Preservation of mucus and glycan epitopes in frozen tissues is superior to that of tissues that were embedded in paraffin. We demonstrated the preservation of secreted mucus layer (Figures 1 and 3) and the distribution of three glycans structures (Figure 3) in frozen tissues compared with paraffin-embedded tissues. Specialized fixatives, such as Carnoy's solution (60% ethanol, 30% chloroform, 10% acetic acid)17 have been developed for optimal preservation of the mucus layer in tissue samples. Optimally, this solution should be used to collect tissue samples that are dedicated for mucus studies and was shown to preserve the smooth appearance of mucus layer16-17. The mucus layer in unfixed frozen samples embedded in OCT appears rugged and in some areas may detach from the tissue, however the overall layer thickness is in agreement with that observed in tissues that were fixed with Carnoy's solution and embedded in paraffin16-17. For example, the mucus layer in frozen human colon tissue section is ~100 μm (Figure 1), which is within the range reported for Carnoy's-fixed human colon sample 55.4±2.5 μm (range 7.7 - 204.8 μm) 16.
It has been known for decades that ethanol dehydration results in ~30% shrinkage of biological samples18, and that organic solvents such as xylene, Citrisolv and chloroform extract lipids, glycolipids and, to some extent, proteins from the tissues13. Tissue processing for paraffin embedding includes the following steps: fixation (10% buffered formalin), dehydration (increasing ethanol concentration), and clearing (Citrisolv or xylene). By mimicking these steps on unfixed frozen tissue sections, we demonstrated that Citrisolv extracts mucus from frozen tissue sections resulting in tissue morphology that is similar to that of paraffin-embedded tissues (Figure 2, right panel). In contrast, the mucus layer was not altered by incubation with formalin or ethanol (Figure 2, left and center panels). This suggests that the clearing step of standard paraffin embedding procedure, which requires prolonged incubation in Citrisolv/xylene, results in the collapse of the mucus layer. Formalin fixation does not damage the mucus layer and frozen tissues sections that were fixed with formalin can readily be stained with lectins and antibodies against glycans, glycolipids and proteins (Figures 2, 3 and 6). These effects may be negligible for the study of membrane-bound proteins and tissue pathology, but they are devastating for highly hydrated structures such as the secreted mucus layer. However histological studies of mucins are still conducted mostly with paraffin-embedded samples, in which the mucus layer preservation is suboptimal. In depth analyses of mucus layer composition such as the precise identity of secreted or membrane bound MUC glycoprotein combinations require specific antibodies and mass spectrometry for identification of the protein backbones. Preservation of the mucus layer is but the initial requirement for such studies.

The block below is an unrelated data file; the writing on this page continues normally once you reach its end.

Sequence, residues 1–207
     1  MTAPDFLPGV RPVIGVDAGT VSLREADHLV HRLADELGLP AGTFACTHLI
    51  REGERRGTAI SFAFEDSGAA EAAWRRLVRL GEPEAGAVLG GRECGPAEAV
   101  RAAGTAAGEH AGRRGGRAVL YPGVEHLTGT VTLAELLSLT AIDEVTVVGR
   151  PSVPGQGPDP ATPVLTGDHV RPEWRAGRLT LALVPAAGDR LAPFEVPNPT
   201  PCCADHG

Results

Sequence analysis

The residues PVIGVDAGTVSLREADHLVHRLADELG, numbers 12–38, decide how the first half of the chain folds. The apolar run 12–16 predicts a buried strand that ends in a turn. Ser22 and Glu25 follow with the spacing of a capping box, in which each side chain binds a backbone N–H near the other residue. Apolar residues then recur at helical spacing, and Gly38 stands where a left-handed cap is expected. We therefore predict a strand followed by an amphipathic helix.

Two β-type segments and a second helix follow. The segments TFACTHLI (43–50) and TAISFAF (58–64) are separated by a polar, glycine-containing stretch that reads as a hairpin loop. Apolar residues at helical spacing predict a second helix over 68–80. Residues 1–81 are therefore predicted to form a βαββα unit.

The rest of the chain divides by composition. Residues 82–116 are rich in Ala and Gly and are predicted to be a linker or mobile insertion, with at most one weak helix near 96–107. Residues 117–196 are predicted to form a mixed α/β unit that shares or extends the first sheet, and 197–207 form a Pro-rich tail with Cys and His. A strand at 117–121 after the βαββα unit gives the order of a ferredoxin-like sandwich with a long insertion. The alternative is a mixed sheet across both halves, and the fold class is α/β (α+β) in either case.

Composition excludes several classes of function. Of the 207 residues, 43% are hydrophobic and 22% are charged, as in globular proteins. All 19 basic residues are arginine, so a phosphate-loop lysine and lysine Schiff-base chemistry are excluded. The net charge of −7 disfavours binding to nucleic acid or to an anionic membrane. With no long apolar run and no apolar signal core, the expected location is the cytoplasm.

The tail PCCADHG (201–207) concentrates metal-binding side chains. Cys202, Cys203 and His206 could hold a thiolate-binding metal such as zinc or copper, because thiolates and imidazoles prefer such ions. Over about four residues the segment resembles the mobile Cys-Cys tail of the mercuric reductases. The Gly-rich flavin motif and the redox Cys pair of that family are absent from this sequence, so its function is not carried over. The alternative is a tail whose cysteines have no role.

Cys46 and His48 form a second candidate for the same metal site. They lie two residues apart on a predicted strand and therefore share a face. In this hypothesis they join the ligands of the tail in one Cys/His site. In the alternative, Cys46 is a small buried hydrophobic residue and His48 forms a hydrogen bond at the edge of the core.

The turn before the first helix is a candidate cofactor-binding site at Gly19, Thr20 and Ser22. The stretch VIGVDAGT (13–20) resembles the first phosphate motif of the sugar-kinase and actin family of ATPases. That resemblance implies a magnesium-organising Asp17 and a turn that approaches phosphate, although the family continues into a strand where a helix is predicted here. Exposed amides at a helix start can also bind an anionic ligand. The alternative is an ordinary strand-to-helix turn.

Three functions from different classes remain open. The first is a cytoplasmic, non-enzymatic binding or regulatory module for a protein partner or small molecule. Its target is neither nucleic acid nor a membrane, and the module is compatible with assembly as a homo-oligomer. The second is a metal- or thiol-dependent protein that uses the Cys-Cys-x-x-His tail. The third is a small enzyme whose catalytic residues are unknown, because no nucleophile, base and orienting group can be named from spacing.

Many laboratories have tissue samples frozen in OCT that were collected in the past for different projects, these tissues can be readily used to study mucins, glycolipids and glycan distribution eliminating the need to collect tissues into special fixatives that are designed uniquely for mucus preservation. Frozen tissues undergo minimal processing and therefore the natural distribution of glycans, which are hydrated in nature, is preserved. This is especially important in the realm of microbial-host interactions. Knowledge of naturalistic distribution and abundance of secreted mucins and the many glycan structures decorating these "barrier" molecules will be key in understanding host defense, microbial exploitation and pathogenesis.
No conflicts of interest declared.
The authors would like to thank Nicole M. Nemeth (University of Georgia) and Jeanne M. Fair (LANL) for their help in harvesting chicken tissues, and Steven A. Springer for his help during filming. The care of all birds in this study was in compliance with National Institutes of Health guidelines for the humane use of laboratory animals and all protocols were approved by the Institutional Animal Care and Use Committees at Los Alamos National Security, LLC, operator of the Los Alamos National Laboratory under Contract No. DE-AC52-06NA25396 with the U.S. Department of Energy. The care of mice in this study is in compliance with UCSD animal approved protocol. Human tissues were obtained as part of UCSD approved IRB protocol. This work was supported by grant 118645 from University of California Lab Fee President Program (P.G.) and grant NS047101 from National Institute of Neurological Disorders and Stroke (Neuroscience Microscopy Shared Facility, UC San Diego).
|2-methyl butane||Fisher Scientific||03551-4|
|AEC peroxidase substrate kit||Vector Labs||SK-4200|
|Anti-CA 19-9 monoclonal antibody||Calbiochem||CA1003|
|Anti-MUC5AC monoclonal antibody||Millipore||MAB2011|
|Avidin-Biotin blocking kit||Vector Labs||SP-2001|
|Biotinylated donkey anti-mouse antibody||Jackson Immunoresearch||90863|
|Biotinylated SNA||Vector Labs||B-1305|
|Bovine serum albumin||Sigma-Aldrich||A4503|
|Cryostat microtome||Leica Microsystems||Leica CM 1800|
|Hematoxylin||Surgipath Medical Ind.||3801570|
|Hydrogen peroxide 30%||Fisher Scientific||H325-100|
|Nuclear Fast Red||Vector Labs||H-3403|
|OCT compound||VWR International||25608-930|
|Peroxidase conjugated streptavidin||Jackson Immunoresearch||94638|
|Schiff reagent||Electron microscopy sciences||26052|
|TKH2 monoclonal antibody||ATCC||HB-9654|
|VectaMount aqueous mounting media||Vector Labs||H-5501|
|Cytoseal 60||Thermo Scientific||8310-4|
|Peel-A Way molds||Polysciences Inc.||18646A-1|